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Pak Choi in November

Pak Choi

I needed about 10 of my homegrown, late-season pak choi plants to come anywhere close to the amount I’d have gotten from a single commercially-grown plant. Still, it made a great stir-fry.

Honestly, I thought I’d harvested my last of the season. Two or three weeks ago I brought in all the peppers and winter squash. Last week I dug the remaining sweet potatoes. I even buried most of the main planting bed under 18 inches of autumn leaves. And then there was a dinner pinch.

The full breadth of my meal-planning this month has been, “shop from the freezer.” With Christmas nigh, my wife will want freezer space to stockpile home baked cookies so I’ll try to use something from our freezer in every dinner I prepare until Christmas.

Finding a pack of round steaks sparked thoughts of stir fry. A simple beef and vegetable dish would take little time to prepare and it wouldn’t be a problem to zip to a market for some broccoli or cauliflower. But wait! What about the pak choi?

Succession Planting

After I’d pulled the onions in late August or early September, I had planted pak choi seeds in their place. Sprouts appeared quickly, but cloudy, cold weather has kept growth slow. Supposedly, pak choi (also known as bok choy, pak choy, and bok choi) matures in about 30 days. This Post Produce is at least 45 days past sowing and it took about ten of my plants to equal what you’d get from one commercially-grown plant.

Not a big deal. It’s very satisfying to have harvested anything edible this late in November. My pak choi has thrived through the season-killing frost and at least half a dozen below-freezing nights. The coldest night bottomed out at about 24F degrees but the plants look great (except for some holes chewed through the leaves).

The Stir Fry

There’s nothing amazing about the stir fry—except that it tasted great. When I prepared marinade for the beef, I discovered we had no soy sauce (I was dumbfounded); I used oyster sauce to season the dish.

Ingredients:

1 lb beef cut into bite-sized pieces

2 t grated fresh ginger (divided)

1 t onion powder

¼ cup oyster sauce

¼ cup white cooking (or other) wine

½ to 1 t Siracha Hot Chili Sauce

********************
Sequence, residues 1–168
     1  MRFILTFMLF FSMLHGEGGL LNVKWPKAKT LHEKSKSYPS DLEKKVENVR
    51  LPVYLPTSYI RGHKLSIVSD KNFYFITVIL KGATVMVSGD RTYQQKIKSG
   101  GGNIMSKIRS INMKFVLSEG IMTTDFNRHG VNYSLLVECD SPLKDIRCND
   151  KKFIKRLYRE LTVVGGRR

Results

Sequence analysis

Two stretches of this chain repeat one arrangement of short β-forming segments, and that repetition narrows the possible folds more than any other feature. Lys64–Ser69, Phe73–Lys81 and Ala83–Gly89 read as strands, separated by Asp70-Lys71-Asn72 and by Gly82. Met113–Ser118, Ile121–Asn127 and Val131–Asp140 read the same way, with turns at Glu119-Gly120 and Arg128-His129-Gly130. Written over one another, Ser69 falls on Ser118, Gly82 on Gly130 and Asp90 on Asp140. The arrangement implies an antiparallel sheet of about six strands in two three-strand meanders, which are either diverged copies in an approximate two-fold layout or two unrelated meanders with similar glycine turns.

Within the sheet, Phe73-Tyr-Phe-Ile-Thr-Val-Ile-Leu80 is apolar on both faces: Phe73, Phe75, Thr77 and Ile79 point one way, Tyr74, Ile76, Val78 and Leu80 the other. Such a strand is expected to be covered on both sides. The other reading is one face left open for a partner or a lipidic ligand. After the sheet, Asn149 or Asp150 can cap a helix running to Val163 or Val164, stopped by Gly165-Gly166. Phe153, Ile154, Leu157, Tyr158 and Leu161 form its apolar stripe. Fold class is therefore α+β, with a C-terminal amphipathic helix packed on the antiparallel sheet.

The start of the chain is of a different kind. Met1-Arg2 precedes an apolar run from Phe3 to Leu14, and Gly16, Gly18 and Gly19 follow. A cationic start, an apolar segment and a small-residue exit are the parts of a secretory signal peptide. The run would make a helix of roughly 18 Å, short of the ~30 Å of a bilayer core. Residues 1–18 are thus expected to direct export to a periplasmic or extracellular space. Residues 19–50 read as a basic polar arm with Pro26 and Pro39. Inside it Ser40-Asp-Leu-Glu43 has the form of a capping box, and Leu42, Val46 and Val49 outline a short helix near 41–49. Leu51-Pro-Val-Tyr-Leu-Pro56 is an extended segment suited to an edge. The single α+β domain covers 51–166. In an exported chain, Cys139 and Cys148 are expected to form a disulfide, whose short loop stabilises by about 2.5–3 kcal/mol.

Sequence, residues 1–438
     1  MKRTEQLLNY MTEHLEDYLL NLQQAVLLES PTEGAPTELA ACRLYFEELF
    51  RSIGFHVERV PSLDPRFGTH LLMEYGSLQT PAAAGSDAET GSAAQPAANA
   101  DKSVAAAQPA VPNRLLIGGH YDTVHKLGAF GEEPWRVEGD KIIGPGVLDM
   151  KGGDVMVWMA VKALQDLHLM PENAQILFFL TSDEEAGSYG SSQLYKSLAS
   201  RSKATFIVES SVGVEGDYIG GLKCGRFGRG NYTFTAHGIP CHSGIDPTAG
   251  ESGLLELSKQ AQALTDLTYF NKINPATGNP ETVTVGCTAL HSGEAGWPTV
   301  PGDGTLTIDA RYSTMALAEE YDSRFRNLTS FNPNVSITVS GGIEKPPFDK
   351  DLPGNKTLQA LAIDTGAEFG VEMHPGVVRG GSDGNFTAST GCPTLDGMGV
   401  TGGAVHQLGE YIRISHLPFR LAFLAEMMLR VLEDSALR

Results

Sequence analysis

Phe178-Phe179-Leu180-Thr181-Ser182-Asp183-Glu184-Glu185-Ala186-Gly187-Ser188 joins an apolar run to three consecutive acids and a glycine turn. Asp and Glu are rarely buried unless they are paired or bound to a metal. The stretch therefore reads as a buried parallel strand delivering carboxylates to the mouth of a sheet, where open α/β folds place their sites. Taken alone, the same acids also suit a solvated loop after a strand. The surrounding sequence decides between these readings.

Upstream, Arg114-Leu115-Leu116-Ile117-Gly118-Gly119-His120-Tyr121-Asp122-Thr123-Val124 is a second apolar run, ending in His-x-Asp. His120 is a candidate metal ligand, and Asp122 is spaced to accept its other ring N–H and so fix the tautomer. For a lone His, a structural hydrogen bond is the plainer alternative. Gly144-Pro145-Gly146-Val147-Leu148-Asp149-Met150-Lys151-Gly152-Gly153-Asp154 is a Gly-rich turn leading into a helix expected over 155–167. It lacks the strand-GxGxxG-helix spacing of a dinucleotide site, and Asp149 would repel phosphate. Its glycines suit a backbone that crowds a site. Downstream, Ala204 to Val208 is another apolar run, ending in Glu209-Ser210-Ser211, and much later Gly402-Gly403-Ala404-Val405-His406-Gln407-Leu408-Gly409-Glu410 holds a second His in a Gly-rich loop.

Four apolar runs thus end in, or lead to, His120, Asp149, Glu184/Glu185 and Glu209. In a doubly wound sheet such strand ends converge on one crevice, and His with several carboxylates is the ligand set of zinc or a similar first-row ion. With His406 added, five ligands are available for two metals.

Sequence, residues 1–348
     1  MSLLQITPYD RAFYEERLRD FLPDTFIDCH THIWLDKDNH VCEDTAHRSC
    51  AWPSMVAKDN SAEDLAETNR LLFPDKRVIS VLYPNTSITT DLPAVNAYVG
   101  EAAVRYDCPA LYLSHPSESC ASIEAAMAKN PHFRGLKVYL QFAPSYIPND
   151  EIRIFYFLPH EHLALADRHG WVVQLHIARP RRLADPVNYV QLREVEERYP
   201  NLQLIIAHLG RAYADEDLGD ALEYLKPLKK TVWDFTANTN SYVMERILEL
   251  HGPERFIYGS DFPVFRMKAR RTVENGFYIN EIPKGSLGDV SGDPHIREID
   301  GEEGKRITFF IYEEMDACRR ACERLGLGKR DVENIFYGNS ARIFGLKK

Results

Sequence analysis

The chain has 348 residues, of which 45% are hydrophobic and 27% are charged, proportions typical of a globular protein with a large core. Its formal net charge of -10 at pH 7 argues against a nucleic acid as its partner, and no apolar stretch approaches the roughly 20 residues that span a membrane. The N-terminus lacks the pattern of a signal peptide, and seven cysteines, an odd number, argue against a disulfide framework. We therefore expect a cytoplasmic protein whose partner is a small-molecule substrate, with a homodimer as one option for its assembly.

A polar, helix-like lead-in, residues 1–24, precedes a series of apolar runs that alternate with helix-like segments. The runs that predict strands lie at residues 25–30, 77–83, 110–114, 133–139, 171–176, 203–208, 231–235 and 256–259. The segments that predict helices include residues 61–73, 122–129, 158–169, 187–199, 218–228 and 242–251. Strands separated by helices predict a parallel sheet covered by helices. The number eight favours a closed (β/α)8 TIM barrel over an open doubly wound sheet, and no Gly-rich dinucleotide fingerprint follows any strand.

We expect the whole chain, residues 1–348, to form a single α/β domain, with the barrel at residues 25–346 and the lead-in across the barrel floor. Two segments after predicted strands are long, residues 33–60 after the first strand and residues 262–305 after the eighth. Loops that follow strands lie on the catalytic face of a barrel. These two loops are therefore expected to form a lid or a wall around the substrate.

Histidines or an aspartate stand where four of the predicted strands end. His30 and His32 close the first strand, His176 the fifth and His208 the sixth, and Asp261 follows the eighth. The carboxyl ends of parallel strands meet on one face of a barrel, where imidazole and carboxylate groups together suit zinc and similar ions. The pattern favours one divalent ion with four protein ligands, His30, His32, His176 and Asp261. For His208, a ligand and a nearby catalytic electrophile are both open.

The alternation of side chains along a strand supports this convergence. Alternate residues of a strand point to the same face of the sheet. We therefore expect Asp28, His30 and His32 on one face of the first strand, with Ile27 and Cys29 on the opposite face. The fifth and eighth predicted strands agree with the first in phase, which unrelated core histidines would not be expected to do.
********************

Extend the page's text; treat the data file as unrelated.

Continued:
1 large fresh sweet pepper cored, de-seeded, and cut into bite-sized pieces (I used a sweet Italian pepper because I’m still working through what I harvested, but a bell pepper would work nicely)

1 medium onion peeled and cut into bite-sized pieces

1 mature head of pak choi or equivalent cleaned and cut into bite-sized pieces (seriously: peel apart the stalks of the plants and rinse them thoroughly.)

cooking oil for frying

1½ cups chicken stock

~1 T corn starch

Procedure:

Combine the first six ingredients in a bowl or zipper-topped plastic bag. Mix thoroughly and make sure all the meat is submerged in the liquid. Set this in the refrigerator for at least 2 hours, but overnight is better.

Heat about 2 tablespoons of oil in a wok or frying pan and tilt the pan to coat its bottom and sides. When the oil is very hot, fish the beef out of the marinade (save the marinade) and put the beef into the hot pan. Stir the beef to keep it from sticking or burning and cook it through—this could take 7 to 10 minutes, depending on how well your stove heats the pan.

Pour the beef and pan juices into a bowl and set them aside. Scrape the pan relatively clean, add 2 more tablespoons of oil, and return the pan to the stove. Tilt the pan to coat it, let it become very hot, and then add the onion pieces. Stir to keep the onion from burning and, when the pieces become translucent, reduce the heat to medium.

Add the ginger, stir it through, and immediately add the cut up sweet pepper. Stir for 3 to 5 minutes, add the pak choi, and stir to coat everything with the hot oil.

Pour the reserved marinade into the wok and stir to coat all the vegetable pieces with the marinade. Cook until the liquid starts to boil and add 1 cup of the chicken stock; bring it back to a boil.

Return the beef to the pan and stir it together with the vegetables until the liquid boils. In the meantime, stir a tablespoon of cornstarch into the remaining chicken stock and stir that mixture into the cooking vegetables and beef. The liquid should thicken rather quickly at which point the stir fry is ready to serve. I served mine with rice.

If we get a few more warm days, I may get another decent harvest of pak choi this year. Seems more likely this was my actual final harve

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